Before I came to St Andrews, I was confident in my English skills. I had watched Stranger Things without subtitles, studied Shakespeare at school, and among my various admission requirements was an advanced English certificate. Where was the problem? I did not realise how much it would destabilise me to leave an environment where Italian was the only language spoken — in my family, at school, at work — and move into a new one where it suddenly seemed useless.
After all, language is the most important instrument humans have to express themselves, communicate, and build relationships. Having to ‘exchange’ the language that I had mastered all my life, for one I was not yet totally comfortable with, produced some unexpected struggles, especially in the social sphere.
Once, on a night out at The Rule, my friend, a non-native speaker, admitted that she felt like she had lost part of her personality. In her country, she had always been a funny and witty person, but now her jokes and puns no longer made sense and humour, which had always come so easily to her, had become a major effort. I understood her. In Italy, I had a bold and outspoken personality. I was not afraid to express my opinion and I was confident in my ability to convey ideas effectively. But once in Scotland, I suddenly fell prey to many insecurities that I never had before. Sometimes I stuttered because the words I needed slipped off my tongue, other times I froze mid-sentence because I was unsure of how to use the grammar.
It is still very frustrating when, during a serious discussion, my voice becomes unsteady because of these doubts, and I involuntarily resort to an apologetic smile, no matter how important the topic is to me. There are moments when I cannot help but wonder how people perceive me, and if I am the same person I was before.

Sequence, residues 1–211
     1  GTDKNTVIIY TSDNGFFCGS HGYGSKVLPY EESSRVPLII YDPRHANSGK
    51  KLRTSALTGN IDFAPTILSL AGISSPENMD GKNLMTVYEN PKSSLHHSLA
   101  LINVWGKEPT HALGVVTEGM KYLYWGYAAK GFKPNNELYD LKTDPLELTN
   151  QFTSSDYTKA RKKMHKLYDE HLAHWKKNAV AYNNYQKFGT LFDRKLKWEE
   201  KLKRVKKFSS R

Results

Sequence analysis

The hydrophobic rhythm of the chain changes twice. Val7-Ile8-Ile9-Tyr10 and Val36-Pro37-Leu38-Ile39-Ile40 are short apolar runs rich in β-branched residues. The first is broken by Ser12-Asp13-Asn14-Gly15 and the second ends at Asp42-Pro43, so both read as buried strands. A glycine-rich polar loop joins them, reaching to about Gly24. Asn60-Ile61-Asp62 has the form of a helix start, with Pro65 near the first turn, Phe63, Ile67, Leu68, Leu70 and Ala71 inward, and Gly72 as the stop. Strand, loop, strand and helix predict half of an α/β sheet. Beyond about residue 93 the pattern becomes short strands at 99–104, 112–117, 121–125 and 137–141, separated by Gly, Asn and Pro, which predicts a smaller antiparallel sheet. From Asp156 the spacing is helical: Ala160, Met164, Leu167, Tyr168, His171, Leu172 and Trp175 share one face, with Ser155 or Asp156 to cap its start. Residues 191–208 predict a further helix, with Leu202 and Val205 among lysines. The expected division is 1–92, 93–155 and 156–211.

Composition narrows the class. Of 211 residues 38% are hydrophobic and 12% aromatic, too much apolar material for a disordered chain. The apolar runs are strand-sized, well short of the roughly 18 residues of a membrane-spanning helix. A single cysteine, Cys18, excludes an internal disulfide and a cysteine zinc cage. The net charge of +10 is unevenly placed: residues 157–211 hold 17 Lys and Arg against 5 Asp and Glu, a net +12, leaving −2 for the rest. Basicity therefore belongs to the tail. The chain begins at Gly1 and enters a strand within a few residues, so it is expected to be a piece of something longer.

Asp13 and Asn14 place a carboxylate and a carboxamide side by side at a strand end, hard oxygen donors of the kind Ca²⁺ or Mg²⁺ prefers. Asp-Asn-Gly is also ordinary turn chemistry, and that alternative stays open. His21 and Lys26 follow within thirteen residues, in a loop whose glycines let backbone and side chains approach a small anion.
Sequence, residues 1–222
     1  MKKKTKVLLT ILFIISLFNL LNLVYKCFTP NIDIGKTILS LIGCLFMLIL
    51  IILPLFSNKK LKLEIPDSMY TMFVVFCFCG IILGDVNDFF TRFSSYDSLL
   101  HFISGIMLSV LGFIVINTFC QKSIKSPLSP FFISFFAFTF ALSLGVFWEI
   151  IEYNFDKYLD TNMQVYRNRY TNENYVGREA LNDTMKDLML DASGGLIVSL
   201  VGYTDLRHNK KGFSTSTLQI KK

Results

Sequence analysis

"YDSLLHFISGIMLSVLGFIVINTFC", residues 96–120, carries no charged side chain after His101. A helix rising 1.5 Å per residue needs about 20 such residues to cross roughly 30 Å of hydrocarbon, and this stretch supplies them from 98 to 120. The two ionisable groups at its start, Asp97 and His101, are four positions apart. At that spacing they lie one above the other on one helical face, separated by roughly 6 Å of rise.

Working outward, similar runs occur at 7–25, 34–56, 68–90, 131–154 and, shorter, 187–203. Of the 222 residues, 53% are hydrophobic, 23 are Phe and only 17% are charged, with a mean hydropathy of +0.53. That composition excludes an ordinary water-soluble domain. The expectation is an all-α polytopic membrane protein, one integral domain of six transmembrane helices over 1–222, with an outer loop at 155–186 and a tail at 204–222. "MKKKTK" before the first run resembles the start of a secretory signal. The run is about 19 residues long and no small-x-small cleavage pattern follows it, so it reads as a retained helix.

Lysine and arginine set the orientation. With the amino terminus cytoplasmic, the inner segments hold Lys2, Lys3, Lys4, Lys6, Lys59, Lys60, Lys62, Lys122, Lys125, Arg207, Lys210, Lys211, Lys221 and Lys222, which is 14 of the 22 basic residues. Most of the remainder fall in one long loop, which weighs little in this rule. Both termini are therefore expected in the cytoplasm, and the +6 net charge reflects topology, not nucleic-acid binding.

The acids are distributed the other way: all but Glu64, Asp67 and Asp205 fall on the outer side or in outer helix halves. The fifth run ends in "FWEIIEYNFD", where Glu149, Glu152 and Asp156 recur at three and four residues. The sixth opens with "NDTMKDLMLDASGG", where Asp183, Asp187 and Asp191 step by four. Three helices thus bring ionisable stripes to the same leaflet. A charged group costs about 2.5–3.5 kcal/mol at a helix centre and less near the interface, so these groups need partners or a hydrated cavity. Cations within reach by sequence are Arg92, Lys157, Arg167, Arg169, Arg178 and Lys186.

No, I do not deny that this experience is one of the most challenging of my life, but it is teaching me some invaluable lessons, and those which I will pass on to my fellow international students.
Don’t get discouraged and never back down from a challenge. Remember that constantly using your second language can be a huge opportunity for growth and developing qualities such as adaptability and creativity. In my case, I am learning to draw from the cultural heritage of these two beautiful languages to become a better writer, for example, combining the poeticism of Italian with the clearness and conciseness of English.
Never feel inadequate in applying for a position of authority within the university or societies; your cultural heritage enriches you and gives you a unique perspective. Although it can be scary to expose yourself when you have certain insecurities, working in the field is the fastest and most effective way to learn the specific language of a position, as well as building confidence in your communication skills. As the phrase goes, practice makes perfect.
Perhaps the most important lesson I have learned is not to be ashamed to ask for help when you need it. In St Andrews, I have found some of the most understanding and intelligent people I have ever met, people who will not only always be willing to help you without judgment, but also, will want to learn your language and culture themselves. It is not uncommon nowadays to hear my friends use Italian idioms or pop culture quotes, creating inside jokes that make me feel at home.
Despite all of this, I am aware that while St Andrews is multicultural, it is also a highly privileged environment that is not really representative of reality. Consequently, my thoughts go to all the people who change countries, for choice or need, and have to face the challenges of language barriers in an often prejudiced and unsympathetic society. It is easy to judge others’ mistakes; it is difficult to reflect on what lies behind them.
Illustration by Shalina Prakash